This is in marked contrast to his behaviour with regard to the earlier parts of the radio circuit boards which were found. With these, Feraday himself went to Toshiba plants in England and Germany, and even after he thought he had an ID, he jetted off to Japan to investigate it further.

    The D&G cops realised the fragment was significant, but couldn't nail its provenance. The Americans knew they had it, but they wouldn't show it to them. Marquise got pretty narked about this. Then in June 1990 Tom Thurman managed to muscle into the discussion and get his hands on a photo of this elusive piece of evidence. He identified it in about two days. You'd almost think he already knew what it was....

    And of course it was the perfect clue. The PFLP-GC were using barometric timers, which would explode about 40 minutes after takeoff. Maid of the Seas blew apart 38 minutes after lifting off from Heathrow. (So why were they looking at a Frankfurt or Malta introduction before this discovery, again? Beats me.)

    The MST-13 timer was a simple countdown timer, which could have been introduced anywhere and not exploded prematurely on an earlier leg as a barometric timer would have done. This validates the theory of a Malta introduction, not Heathrow. Also, it's one of a limited run of components which were specific to Libya. Just what we want - something to make the Malta introduction feasible, and to point to Libya.

    Except - if you're really using an MST-13 timer to do this job, you don't set it for 7pm, you set it about 5 hours later than that, to avoid getting caught short by delays at Heathrow, and be well out over the ocean when the plane goes down. (And well away from an emergency landing, if the destruction from the small device isn't total.)

    If that damn fragment is for real, exactly as we're supposed to accept, it has the fishiest provenance of anything in the annals of detection.

    And it's not the only one, but I'm really going to bed now.

  17. Wasn't specifically following the MST13 debris, I was doodling with my calculator to no consequence and reading from the Accident report page 16, "Further east, it extended across southern Scotland and northern England, essentially in a straight band as far as the North Sea. Most of the significant items of wreckage were found in this trail within a range of 30 km from the main impact crater."

    There was apparently a 90mph westerly gale blowing that night, and light stuff in particular was blown a very long way. They were finding paper debris on the Northumberland coast, and some stuff was undoubtedly lost in the North Sea.

    However, as you say, the significant wreckage as far as the AAIB report is concerned was found within about 20 miles of the crash site, and the "southern debris trail" in that respect (the heavy stuff that was important for the investigation of the aircraft) petered out just short of the English border.

  18. The other item of dodgy provenance I was going to mention was one of the paper items blown across into Northumberland. On the morning after the crash, Gwendolyn (Decky) and Geoffrey Horton noticed a lot of "litter" scattered around the fields and hedges beside their house in Morpeth. They discovered it was debris from the crashed airliner, and there was a police appeal for members of the public to gather in what they could find. They went out to do their own land, and ended up handing in two or three carrier bags full of random stuff.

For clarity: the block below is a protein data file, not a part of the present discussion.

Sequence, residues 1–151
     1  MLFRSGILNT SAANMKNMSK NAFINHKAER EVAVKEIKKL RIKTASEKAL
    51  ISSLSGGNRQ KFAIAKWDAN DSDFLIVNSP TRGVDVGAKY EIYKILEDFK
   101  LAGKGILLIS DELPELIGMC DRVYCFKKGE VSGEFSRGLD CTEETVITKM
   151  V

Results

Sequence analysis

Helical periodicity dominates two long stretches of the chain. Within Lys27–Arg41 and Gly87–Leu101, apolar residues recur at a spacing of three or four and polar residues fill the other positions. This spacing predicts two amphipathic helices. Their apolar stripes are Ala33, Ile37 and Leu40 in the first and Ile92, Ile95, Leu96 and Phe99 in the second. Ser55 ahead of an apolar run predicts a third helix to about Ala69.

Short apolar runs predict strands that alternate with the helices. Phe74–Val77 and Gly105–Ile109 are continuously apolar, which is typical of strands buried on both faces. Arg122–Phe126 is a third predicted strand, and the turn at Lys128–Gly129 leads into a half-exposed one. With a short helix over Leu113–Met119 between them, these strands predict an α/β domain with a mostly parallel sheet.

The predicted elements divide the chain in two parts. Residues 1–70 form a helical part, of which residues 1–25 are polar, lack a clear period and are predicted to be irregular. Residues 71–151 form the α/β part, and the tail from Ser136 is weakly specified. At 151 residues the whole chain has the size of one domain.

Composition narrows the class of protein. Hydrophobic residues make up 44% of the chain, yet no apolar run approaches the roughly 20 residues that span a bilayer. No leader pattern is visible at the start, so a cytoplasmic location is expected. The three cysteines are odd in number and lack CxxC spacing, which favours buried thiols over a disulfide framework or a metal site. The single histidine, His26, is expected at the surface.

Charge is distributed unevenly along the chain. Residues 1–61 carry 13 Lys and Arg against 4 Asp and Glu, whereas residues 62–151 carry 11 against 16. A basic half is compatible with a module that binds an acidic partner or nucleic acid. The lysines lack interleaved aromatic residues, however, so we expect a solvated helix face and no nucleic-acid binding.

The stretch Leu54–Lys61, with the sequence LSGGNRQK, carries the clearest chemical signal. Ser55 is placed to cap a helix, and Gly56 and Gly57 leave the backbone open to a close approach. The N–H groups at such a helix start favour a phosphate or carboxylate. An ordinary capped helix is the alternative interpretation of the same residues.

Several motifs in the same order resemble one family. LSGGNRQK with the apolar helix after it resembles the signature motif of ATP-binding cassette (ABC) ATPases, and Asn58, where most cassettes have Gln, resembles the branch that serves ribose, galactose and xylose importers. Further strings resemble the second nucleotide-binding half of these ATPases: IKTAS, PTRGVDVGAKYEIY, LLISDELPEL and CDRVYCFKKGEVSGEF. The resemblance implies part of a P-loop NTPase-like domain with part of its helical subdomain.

Among this stuff was the only piece of evidence which identified the exact model number of the Toshiba radio-cassette which contained the bomb. This was a piece of paper (actually two sheets stuck together) which turned out to be the front cover and second page of the radio's user manual. Just enough of the text on this was legible to allow the make and model to be read.

    The radio was originally identified from a tiny piece of circuit board found stuck under the data plate of the baggage container, by AAIB Inspector Claiden, very soon after the crash. This turned out to be of Toshiba manufacture, and narrowed the model involved down to about seven possibles.

    Alan Feraday chased most of this up personally (in marked contrast to his hands-off approach to the MST-13 fragment), and came to a definite conclusion by 3rd February 1989 that the radio model was an RT-8016 with a white plastic case. Everything seemed to fit, including the finding of white plastic fragments in the debris.

    However, in April he went to the USA to take part, with the FBI agents including Tom Thurman (with whom he'd also worked at Lockerbie in January), in the test explosions designed to assess the amount and positining of the bomb in the aircraft. Following this he decided to travel to Japan to the Toshiba headquarters, where he discovered that the RT-8016 had a twin brother, the RT-SF16, which was identical but had a black case. The thing about the latter model was that a large order for these (20,000 pieces) had been supplied to a Libyan electronics company in October 1988. And the chairman of that company was a senior JSO official.

    Feraday came home with a sample of that model, box and all, and began to pay particular attention to its manual, giving it a separate number. After all this happened, Decky Horton's find was received at RARDE (11th May) and reads clearly
    ...o cassette recorder RT SF16
    BomBeat SF16

    After that, starting the very next day with the shirt collar which contained the timer fragment, all the bits of radio case which are found are black.

  19. At Zeist, Decky Horton did not identify the court production as the item she'd found in her field. She appeared very confused, because the evidence presented to her was shredded and almost torn through in several places. She stated she remembered picking up something that was a complete page, just "a bit tatty round the edges". At Zeist she didn't say anything about the word "Toshiba", just that it was "something electrical". In contrast, the Northumbrian policeman to whom she'd handed in her bags of litter confidently identified it as the same thing, scorches and tears and all.